"We consistently put [detectors] by the operator on their seat and that's to be representative of their exposures," said Marissa Baker, a UW assistant professor of environmental and occupational health sciences who co-led the assessment.
Researchers additionally hid the battery-powered monitoring devices behind signs and panels. Same with trains.
The study analyzed 28 evenings between March and June of this year. Researchers collected samples from 11 buses and 19 train cars.
Out of the 78 air samples, researchers found fentanyl in a quarter of them. 100% of those air samples had methamphetamine. Out of the 102 surface samples, almost half had detectable fentanyl. 98% of those air samples had methamphetamine.
Researchers said, however, that just because it's there, it doesn't mean it's at a level that would harm anyone.
"Even the folks that do these drugs recreationally are not taking it with the goal of overdosing," Baker said. "It would be very unlikely that there would be enough to generate it secondhand that could cause an overdose to anybody."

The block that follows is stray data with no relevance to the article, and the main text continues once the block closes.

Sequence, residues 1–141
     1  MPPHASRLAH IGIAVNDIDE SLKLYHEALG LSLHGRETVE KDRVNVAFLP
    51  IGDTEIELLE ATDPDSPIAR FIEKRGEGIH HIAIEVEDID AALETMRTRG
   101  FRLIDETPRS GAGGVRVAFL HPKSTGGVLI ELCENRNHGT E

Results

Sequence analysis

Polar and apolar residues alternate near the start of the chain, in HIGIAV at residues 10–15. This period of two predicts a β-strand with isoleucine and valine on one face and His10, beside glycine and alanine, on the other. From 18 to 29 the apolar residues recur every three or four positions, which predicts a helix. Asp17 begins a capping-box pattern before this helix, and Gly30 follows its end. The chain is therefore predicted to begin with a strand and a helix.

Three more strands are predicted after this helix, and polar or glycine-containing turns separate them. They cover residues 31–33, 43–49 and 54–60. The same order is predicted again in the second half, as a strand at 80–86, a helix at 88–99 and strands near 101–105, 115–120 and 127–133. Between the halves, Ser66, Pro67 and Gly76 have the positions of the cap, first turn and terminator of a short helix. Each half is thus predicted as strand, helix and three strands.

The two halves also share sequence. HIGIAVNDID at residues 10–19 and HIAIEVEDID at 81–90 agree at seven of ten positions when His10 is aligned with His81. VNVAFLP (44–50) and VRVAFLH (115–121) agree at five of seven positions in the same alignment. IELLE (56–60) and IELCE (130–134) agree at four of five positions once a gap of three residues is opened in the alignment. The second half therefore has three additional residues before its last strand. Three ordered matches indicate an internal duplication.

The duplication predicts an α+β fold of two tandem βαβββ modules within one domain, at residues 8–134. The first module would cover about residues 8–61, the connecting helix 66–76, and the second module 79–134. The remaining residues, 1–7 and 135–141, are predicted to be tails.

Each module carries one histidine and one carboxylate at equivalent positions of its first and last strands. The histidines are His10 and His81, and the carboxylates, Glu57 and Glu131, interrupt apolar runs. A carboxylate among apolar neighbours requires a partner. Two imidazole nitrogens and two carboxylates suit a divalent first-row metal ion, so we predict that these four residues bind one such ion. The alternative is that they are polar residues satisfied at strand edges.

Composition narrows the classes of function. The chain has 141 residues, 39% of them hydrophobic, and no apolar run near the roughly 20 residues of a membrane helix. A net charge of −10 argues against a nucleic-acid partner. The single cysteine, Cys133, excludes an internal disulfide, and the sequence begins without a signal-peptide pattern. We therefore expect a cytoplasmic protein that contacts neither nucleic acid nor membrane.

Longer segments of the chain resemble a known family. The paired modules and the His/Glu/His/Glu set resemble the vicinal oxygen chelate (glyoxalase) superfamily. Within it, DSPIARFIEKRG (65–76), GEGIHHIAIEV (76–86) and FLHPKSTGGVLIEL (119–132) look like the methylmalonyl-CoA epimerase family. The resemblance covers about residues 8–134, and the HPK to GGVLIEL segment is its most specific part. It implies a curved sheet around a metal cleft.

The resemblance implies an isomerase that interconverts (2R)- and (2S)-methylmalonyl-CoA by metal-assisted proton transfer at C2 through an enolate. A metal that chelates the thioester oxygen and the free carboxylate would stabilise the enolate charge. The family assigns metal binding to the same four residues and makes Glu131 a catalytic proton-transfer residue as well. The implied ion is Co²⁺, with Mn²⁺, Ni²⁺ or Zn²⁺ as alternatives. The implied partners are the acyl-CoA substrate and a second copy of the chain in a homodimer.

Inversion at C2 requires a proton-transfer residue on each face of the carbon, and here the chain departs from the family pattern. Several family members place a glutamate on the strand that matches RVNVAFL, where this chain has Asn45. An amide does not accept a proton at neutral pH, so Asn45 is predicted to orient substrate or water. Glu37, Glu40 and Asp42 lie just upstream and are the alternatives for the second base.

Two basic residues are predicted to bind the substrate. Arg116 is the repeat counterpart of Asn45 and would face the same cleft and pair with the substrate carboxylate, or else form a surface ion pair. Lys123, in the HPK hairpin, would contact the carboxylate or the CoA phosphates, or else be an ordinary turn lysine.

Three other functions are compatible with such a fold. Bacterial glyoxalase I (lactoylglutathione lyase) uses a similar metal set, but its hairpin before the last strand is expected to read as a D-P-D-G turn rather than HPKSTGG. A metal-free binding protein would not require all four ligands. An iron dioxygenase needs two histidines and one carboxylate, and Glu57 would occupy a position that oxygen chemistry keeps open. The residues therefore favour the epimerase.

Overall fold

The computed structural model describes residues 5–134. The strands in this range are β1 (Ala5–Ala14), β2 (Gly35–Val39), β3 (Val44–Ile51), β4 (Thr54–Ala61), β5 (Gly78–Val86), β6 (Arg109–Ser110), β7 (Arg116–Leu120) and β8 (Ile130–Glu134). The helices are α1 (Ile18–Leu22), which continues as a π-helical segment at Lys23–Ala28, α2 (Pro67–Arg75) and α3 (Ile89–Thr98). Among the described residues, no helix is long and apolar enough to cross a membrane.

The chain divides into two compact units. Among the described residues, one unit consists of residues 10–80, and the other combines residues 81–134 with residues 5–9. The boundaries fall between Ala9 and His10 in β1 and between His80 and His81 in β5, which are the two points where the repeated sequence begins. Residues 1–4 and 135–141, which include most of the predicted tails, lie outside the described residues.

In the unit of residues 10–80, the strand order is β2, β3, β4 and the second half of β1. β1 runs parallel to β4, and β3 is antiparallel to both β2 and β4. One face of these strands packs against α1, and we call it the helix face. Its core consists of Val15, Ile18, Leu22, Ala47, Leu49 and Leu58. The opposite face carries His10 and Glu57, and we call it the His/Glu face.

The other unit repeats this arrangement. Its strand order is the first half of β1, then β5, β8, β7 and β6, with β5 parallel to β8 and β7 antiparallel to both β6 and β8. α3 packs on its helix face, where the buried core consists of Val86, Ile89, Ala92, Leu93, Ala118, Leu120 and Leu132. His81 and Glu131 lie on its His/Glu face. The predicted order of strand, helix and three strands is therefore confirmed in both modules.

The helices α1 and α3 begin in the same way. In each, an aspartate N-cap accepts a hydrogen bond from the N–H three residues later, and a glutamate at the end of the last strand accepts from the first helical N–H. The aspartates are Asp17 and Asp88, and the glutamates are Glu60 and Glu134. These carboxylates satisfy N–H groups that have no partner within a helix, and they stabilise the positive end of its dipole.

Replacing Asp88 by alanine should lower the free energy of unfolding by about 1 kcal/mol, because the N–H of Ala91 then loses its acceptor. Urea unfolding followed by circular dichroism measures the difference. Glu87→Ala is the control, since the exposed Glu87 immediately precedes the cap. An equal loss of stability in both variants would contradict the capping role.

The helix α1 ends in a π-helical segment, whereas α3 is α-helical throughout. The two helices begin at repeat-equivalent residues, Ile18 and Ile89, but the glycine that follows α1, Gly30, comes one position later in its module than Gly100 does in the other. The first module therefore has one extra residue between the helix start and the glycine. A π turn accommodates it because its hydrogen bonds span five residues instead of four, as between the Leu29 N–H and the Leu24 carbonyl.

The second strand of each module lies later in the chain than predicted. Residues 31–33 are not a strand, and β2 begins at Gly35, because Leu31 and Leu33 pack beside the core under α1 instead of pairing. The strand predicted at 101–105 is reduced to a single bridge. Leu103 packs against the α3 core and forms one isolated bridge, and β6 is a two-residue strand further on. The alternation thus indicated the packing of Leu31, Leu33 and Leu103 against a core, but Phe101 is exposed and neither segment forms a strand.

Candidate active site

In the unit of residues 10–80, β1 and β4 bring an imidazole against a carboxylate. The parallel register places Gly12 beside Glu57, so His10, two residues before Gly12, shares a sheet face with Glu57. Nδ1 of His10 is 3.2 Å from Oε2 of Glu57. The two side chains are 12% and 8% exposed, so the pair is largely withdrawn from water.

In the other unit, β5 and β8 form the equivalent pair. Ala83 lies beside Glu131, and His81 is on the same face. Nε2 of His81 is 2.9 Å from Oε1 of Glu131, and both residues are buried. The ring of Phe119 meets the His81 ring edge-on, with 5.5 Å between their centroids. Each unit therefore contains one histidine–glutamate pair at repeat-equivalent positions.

Researchers said, regardless of the exposure level transit operators have, it's important to draw attention to the stress this can cause for an employee who has to see it at their workplace, which can take a toll mentally.
This year alone, almost 500 people have died this year from methamphetamine overdose in King County. More than 700 people have died from a fentanyl overdose. That's more than this point last year.
This study did not test any transit operators or passengers to see if they had secondhand fentanyl or methamphetamine in their systems. The times, trains and buses were specifically chosen by the transit agencies because operators has reported seeing drug use on those lines.
Sound Transit said to help its staff, it's creating a mentorship program for workers. They also a 24/7 phone line workers can call for support.